Same-Store sales growth can be an important indicator to watch as it provides significant information about the march of the business and the company´s long term growth prospects. When new store openings are combined with growing sales at previously existing stores, then things look quite interesting in terms of growth potential.
These companies are firing on all cylinders and, according to the numbers, they have plenty of room for further growth.
Whole Foods has benefited enormously from the trend toward healthier eating habits in the last years. The company has compounded sales growth at more than 15.8% annually over the last five years, and its focus on high quality natural and organic food products generates superior pricing power and above average profit margins for shareholders.
The company has ambitious growth plans; management believes there is room for 1,000 Whole Foods stores in the U.S. alone in comparison to 355 stores at the end of the last quarter. However, the company operates in a niche segment, and competition has been increasing lately, so investors may be wondering if Whole Foods has the strength to continue expanding at a vigorous rate or if the best growth years are already in the past.
Judging from financial figures, this growth story is far from over. During the last quarter sales at Whole Foods increased 12% to $3.1 billion, comparable-store sales increased 7.5%, and identical store sales, excluding four relocations and one expansion, increased by 7.2%.
For the 40-week period ended July 2013, sales increased 13% to $9.9 billion, and comparable store sales grew by 7.2%. This was translated into an increase of 18% in EBITDA and a jump of 20% in earnings per share versus the previous year.
As Whole Foods expands its store base, comparable-stores sales continue performing strongly. New openings are not cannibalizing existing stores, even in the face of growing competition. This says a lot Whole Foods, its competitive advantages and long term growth potential.
At the end of the last quarter Starbucks owned more than 19,200 stores on a global basis, and the U.S. market is looking quite crowded with more than 12,000 Starbucks stores. On the other hand, the numbers show that the company still has plenty of room for growth via new products in the U.S. and store openings in emerging markets.
Total net revenues increased 13% in the last quarter, supported by an 8% increase in comparable-store sales. Importantly, store traffic was particularly strong during the quarter, transactions increased by 7% and higher prices accounted for the remaining 1% increase in comparable-store sales.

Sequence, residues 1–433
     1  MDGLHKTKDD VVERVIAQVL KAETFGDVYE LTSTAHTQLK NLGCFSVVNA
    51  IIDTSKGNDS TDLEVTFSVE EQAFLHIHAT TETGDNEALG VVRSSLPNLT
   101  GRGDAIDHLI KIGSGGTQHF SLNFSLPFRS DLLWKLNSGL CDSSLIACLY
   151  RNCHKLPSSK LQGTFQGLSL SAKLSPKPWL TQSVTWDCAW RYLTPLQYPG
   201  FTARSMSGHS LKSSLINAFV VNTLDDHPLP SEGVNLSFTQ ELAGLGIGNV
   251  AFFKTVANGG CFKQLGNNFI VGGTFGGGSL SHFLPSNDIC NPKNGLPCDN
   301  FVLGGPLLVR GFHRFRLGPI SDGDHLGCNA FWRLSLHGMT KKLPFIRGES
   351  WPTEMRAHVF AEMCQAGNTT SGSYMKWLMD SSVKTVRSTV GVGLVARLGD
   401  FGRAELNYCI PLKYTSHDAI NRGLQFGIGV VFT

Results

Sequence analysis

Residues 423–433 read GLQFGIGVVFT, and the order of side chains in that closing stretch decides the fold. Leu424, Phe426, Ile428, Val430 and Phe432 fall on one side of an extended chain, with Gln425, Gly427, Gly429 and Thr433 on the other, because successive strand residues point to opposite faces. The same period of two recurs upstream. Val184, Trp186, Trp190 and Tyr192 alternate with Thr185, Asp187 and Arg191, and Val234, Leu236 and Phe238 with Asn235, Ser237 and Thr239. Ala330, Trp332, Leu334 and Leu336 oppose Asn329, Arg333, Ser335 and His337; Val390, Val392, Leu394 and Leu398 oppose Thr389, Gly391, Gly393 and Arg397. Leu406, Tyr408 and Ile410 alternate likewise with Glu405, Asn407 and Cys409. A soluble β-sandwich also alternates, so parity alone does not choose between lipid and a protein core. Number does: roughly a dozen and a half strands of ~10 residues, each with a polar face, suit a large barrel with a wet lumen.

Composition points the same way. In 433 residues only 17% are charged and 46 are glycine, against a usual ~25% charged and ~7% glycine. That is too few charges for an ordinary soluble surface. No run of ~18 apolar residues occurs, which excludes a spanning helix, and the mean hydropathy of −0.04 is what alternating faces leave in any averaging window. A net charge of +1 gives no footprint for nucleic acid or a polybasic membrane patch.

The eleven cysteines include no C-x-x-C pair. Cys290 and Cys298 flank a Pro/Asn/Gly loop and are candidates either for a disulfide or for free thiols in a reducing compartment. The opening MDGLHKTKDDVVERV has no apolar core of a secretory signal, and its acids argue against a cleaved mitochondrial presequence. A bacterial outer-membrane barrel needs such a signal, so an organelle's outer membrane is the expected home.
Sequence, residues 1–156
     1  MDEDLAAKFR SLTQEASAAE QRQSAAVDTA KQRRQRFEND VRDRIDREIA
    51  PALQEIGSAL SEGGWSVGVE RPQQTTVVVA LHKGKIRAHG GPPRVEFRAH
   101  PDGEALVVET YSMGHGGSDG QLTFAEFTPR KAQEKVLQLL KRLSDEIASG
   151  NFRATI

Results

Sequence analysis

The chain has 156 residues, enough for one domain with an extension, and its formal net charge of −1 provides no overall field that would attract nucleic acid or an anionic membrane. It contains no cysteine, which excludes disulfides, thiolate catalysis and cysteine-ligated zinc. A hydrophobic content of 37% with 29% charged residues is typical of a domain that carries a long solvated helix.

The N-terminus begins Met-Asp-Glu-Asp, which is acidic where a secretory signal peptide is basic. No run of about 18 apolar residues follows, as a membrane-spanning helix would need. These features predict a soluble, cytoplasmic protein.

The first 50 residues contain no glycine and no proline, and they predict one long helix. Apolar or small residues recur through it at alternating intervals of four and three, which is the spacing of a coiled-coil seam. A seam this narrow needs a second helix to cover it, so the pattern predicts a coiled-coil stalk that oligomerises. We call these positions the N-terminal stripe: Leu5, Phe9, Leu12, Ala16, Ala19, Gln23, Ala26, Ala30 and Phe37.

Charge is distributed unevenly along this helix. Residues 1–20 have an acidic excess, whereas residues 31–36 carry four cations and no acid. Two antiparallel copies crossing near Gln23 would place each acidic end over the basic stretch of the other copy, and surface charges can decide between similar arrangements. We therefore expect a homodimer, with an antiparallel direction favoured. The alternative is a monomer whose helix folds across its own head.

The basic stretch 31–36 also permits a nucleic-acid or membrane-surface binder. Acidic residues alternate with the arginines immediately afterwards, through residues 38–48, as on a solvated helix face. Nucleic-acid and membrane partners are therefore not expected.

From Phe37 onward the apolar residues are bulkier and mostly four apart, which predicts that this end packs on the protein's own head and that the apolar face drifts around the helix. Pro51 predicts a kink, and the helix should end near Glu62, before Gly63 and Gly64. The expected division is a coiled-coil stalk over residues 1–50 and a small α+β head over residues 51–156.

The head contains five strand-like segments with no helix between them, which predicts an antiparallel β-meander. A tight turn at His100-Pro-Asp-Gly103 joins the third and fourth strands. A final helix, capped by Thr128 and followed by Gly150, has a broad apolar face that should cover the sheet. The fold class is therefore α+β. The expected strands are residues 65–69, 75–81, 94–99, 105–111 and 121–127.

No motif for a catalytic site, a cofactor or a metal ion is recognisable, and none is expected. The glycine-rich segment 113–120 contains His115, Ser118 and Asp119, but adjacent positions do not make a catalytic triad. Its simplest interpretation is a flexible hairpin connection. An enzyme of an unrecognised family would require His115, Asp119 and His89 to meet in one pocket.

Performance was especially encouraging in the U.S: Starbucks reported a 9% increase in comparable-store sales due to a 7% growth in transactions and a 2% increase in prices. Product innovation and more food offerings are doing wonders for Starbucks shareholders in the U.S., where there is limited room for store growth.
On the other hand, a growing store base will be the main growth driver in China, where the company is on track to 1,000 stores this year. Management believes that the Asian giant will become the company´s second biggest market in the short term, and the numbers are supportive of that thesis.
The China/Asia Pacific region saw an increase of 29% in revenue for the last quarter versus the prior year. A 9% growth rate in same-store sales is proving that consumers in the region are quite avid for Sawbucks and its products.
Chipotle Mexican Grill started from a single store in Denver, Colorado, in 1993 and the company has grown to become a national brand with more than 1,500 stores since then. Chipotle´s "food with integrity" approach to Mexican cuisine resonates remarkably well among consumers, and the company still has a lot of room for growth in the middle and long term.
Revenue during the last quarter increased by 18.2% year-over-year backed by strong same-store sales growth of 5.2%. The company opened 44 new restaurants during the quarter, and management expects to end 2013 with between 165 to 180 new openings. Chipotle has plenty of room for expansion in the U.S. before reaching saturation point, and international markets are practically untapped.
In addition to that, Chipotle is replicating its simple and effective business model with its new ShopHouse Asian restaurants. If this new concept achieves a somewhat similar level of success to what Chipotle has done over the last years, it could be major growth driver in the future.
Founder and CEO Steve Ells has proven an exceptional ability when it comes to leading the company´s expansion without sacrificing product quality and its focus on fresh and natural ingredients. As long as the company keeps mantains those standards, Chipotle has many years of outstanding growth ahead of it.
Growing same-store sales show that new openings are not hurting sales at existing stores, and this is an important reflection about customer demand and long term growth possibilities. According to this metric, companies like Whole Foods, Starbucks and Chipotle are still offering plenty of potential for growth over the next years.
The article By the Numbers: 3 Companies With Strong Growth Potential originally appeared on Fool.com.
Andrés Cardenal has no position in any stocks mentioned. The Motley Fool recommends Chipotle Mexican Grill, Starbucks, and Whole Foods Market. The Motley Fool owns shares of Chipotle Mexican Grill, Starbucks, and Whole Foods Market. Try any of our Foolish newsletter services free for 30 days. We Fools may not all hold the same opinions, but we all believe that considering a diverse range of insights makes us better investors. The Motley Fool has a disclosure policy.
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